By James Ellsmoor
As the world struggles with issues such as climate change and recession amidst a global pandemic, a fundamental economic and societal shift is taking place. While many are desperate to “return to normal” the reality is that “normal” is going to look very different when we do eventually reach it – especially for island communities.
In an increasingly interconnected world, we have seen a rapid shift to working from home that is likely to become permanent for many. This change means that businesses will no longer be reliant on physical proximity – and the biggest winners in this change could be islands. Previously limited with small markets and a handful of dominant industries, many islands could not easily integrate with certain aspects of the global economy due to high shipping and travel expenses that made it difficult to compete. In a world where so many services are delivered online, a trend that was only accelerated by the pandemic, there is potential to transform economies and bring new opportunities like never before. But are island businesses ready for this new post-pandemic economy?
Barbados has received global praise for its new “digital nomad” visa to attract long-stay visitors that can contribute to the local economy and replace a slice of the lost tourist dollars. Other countries including Bermuda, Croatia and Estonia have launched similar initiatives and competition is already rising between tourist destinations as a few intrepid travelers become new pioneers. Many have argued that long-stay tourists are the solution for some countries, but the reality of the uptake of these new visas remains to be seen. The truth is that long-stay visitors behave very differently than traditional tourists and the expectation that they offer a panacea could be unrealistic – or at least only a part of the solution. The big opportunity is in attracting permanent, high-wage jobs for local people that will contribute tax revenue and stimulate local businesses.
Could the remote work phenomenon not benefit islanders in another way? With interconnectivity, islands have an opportunity to take the global stage like never before. The new remote working revolution is not just a chance to attract foreign workers, but also to bring more high-paying jobs for local people and attract emigrants to return. Employers are now taking advantage of recruiting the best possible workers from around the world and extending their operating hours with workers in different time zones. Many of those in the diaspora that may have wanted to return cite job opportunities as a major limitation, and so here lies a bigger opportunity than long-stay tourism that could bring economic empowerment.
A shift to virtual networking can be an asset for island communities to reach outside the domestic market and build “digital bridges” to other islands looking for similar solutions in all corners of the globe. New markets create more opportunities for entrepreneurs to access global markets from their home. The move to digital format is a huge opening for islands previously seen as being on the ‘global periphery’ to take centre stage and showcase what they have to offer. Businesses must change their mindset to put digital communications at the centre – it is not enough to be “internet fit” but now a requirement to be “internet first.” By taking a global and geography-independent mindset, island organisations can reap the benefits of the post-pandemic reality.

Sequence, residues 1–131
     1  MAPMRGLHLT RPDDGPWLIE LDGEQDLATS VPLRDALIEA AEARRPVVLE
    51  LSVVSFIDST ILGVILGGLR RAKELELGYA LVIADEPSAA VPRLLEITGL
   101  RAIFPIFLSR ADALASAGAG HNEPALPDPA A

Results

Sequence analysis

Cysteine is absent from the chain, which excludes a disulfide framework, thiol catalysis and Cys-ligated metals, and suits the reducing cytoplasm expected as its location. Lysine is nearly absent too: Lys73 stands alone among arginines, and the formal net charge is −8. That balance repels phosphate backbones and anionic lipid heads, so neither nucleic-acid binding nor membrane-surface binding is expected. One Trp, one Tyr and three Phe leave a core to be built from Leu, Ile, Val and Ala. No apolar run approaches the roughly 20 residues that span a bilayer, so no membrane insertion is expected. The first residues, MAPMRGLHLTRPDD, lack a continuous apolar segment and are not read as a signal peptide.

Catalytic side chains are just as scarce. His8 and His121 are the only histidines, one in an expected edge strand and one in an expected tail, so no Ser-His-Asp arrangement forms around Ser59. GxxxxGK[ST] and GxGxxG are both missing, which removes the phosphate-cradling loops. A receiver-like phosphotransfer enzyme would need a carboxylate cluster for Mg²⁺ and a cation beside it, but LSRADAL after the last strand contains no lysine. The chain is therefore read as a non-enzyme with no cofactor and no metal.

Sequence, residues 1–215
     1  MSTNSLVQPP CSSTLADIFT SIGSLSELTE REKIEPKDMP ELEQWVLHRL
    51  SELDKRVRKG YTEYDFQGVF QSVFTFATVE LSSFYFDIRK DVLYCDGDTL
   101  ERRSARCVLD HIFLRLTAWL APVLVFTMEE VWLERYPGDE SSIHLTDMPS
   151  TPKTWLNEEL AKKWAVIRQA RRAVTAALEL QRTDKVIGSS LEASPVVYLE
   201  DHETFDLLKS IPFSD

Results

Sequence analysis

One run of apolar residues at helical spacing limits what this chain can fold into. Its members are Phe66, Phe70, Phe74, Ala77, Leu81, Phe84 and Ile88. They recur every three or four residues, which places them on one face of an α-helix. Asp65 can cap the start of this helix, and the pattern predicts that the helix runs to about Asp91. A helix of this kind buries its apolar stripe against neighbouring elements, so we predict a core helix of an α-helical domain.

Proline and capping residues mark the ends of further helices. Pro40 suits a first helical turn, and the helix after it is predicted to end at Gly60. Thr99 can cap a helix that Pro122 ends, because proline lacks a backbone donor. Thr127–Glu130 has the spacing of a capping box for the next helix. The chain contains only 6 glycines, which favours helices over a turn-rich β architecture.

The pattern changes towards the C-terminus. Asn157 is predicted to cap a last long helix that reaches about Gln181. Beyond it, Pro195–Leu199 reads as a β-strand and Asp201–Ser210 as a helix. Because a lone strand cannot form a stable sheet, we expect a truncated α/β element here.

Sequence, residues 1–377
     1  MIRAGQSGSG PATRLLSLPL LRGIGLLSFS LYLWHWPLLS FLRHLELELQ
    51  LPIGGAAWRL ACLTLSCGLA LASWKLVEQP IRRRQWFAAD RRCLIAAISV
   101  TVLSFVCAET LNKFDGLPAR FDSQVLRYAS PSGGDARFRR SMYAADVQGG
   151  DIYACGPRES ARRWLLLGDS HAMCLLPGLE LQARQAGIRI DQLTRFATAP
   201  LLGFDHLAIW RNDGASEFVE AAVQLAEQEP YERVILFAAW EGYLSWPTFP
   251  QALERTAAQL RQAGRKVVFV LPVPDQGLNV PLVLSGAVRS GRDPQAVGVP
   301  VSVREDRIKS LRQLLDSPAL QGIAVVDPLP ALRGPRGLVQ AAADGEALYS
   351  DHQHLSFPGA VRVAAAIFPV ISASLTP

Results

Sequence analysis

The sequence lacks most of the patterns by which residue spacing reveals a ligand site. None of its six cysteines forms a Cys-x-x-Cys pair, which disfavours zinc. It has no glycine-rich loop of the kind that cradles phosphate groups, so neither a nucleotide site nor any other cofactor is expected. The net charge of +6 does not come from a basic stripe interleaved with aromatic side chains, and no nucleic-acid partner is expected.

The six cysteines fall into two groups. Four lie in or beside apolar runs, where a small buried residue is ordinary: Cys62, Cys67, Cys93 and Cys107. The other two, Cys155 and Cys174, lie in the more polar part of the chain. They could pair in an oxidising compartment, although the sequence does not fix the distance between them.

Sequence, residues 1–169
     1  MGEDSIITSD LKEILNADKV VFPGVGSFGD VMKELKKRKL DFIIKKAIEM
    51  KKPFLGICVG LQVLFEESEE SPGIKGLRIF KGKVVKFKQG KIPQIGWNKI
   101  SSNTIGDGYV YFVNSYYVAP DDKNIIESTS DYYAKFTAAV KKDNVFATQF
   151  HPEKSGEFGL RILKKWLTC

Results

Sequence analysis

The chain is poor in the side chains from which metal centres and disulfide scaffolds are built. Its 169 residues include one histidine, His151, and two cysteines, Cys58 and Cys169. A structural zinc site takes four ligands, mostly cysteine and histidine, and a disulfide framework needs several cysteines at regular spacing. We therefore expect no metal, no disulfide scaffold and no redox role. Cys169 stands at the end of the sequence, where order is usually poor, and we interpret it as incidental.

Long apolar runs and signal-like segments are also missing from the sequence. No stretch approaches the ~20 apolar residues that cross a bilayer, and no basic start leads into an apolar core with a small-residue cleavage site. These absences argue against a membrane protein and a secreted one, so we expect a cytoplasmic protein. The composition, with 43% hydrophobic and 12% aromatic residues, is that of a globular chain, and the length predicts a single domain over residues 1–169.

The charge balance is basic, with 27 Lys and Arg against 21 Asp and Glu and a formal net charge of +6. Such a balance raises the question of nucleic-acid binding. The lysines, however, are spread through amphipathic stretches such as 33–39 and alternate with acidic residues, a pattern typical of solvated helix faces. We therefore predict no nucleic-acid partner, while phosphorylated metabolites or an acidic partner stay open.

Islands around the world share certain commonalities including high energy and transport costs, environmental vulnerabilities and fragile economies reliant on a handful of industries (often tourism). These unprecedented times require a global outlook for islands to connect and engage with one another to find shared solutions and collaborate on the post-pandemic future. One platform for this is the upcoming Virtual Island Summit which provides a space for island participants from Guam to Greenland, Jamaica to Jakarta and St Kitts to Samoa to connect and engage in order to find shared solutions. Certainly, there are many differences between islands but the many commonalities create a new business environment with access easier than ever before in the new remote working environment.
Digital technology can catalyse change by giving a platform for island communities to share their experiences and expertise with the rest of the world. This change happened slowly but has been accelerated under the global lockdown which has forced everyone to change their lifestyle. Digital bridges are arguably now more important than any other infrastructure – but it is equally important to change how we think to fully take advantage of the new opportunities.
(The author is the director of Island Innovation and founder of The Virtual Island Summit. The network connects 20,000 islanders from around the world using “digital bridges” to share knowledge and encourage collaboration between islands and build a more sustainable future) Thoughts and views expressed in guest editorials do not necessarily reflect the opinion of Observer NewsCo, its management or staff.